Oliver, Ellis, Private,

Orr, Robert J., Rifleman,

Patterson, James, Corporal,

Patton, James, Rifleman,

Price, John, Rifleman,

Proctor, James, Sergeant,

Quaile, William J., Lance-Corporal,

Quinn, John, Sergeant,

Ritchie, Henry D., Private,

Simpson, Thomas, Gunner,

Skillen, George, Rifleman,

Sloan, George, Rifleman,

Smyth, David, Rifleman,

Smyth, John, Rifleman,

Smyth, David J., Rifleman,

Spence, Jack M., Lance-Corporal,

Strickland, Thomas, Rifleman,

Swindle, John, Rifleman,

Taylor, Alfred Squire, Captain,

Thompsett, William, Private,

Thompson, William J., Rifleman,

Walker, John, Private,

Walsh, James, Rifleman,

Young, Albert Edward, Sergeant,


Calvert, Hans, Able Seaman [Signalman]

Cooke, Jordan, A.B./ST.

McCloud, Tom, Sergeant Observer.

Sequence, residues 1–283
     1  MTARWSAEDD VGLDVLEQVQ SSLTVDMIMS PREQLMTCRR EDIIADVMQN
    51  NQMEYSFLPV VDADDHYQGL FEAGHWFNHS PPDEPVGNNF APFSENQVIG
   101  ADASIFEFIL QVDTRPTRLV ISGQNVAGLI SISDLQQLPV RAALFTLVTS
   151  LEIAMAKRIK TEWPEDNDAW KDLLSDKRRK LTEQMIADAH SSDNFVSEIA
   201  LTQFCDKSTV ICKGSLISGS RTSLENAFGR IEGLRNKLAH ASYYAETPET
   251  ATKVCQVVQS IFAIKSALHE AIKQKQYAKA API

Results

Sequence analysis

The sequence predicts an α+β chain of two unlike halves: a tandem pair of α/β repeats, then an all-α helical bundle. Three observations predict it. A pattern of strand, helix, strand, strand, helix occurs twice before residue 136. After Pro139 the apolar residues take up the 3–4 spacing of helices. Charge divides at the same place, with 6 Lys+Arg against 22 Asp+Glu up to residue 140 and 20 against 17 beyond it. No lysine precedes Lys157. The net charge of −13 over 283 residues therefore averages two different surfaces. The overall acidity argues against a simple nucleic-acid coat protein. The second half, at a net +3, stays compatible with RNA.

Petts, Ritson, Leading Aircraftman

Shields, James, Sergeant,

Sturgeon, John, Gunner,

Taylor, Irwin, Leading Aircraftman

Wilson, Matthew, Corporal,

Wilson, Thomas, Able Seaman,


The Unveiling and Dedication Ceremony.

Comber and District war memorial was unveiled and dedicated on Saturday afternoon 14th April 1923 in the presence of very large concourse of people. It has been erected in the Square beneath the shadow of the monument which perpetuates the memory of a great Comber hero of bygone days-Sir Robert Gillespie- and takes the form of a bronze statue of an infantryman in full service equipment. On a bronze tablet sunk into the front of the granite pedestal, which forms part of the monument, appears the names of the officers and men belonging to the town and district who gave their lives for their King and country, whilst the names of those who served are inscribed on similar tablets on the back and sides of the pedestal. Both lists are very long and speak volumes for that loyalty and gallantry which has always been outstanding characteristics of the men of Comber. On the other side of the square there has been placed a heavy German gun, presented to the town by the British Government in recognition of the heroism of the Comber V.C.-the late Second-lieutenant Edmund de Wind.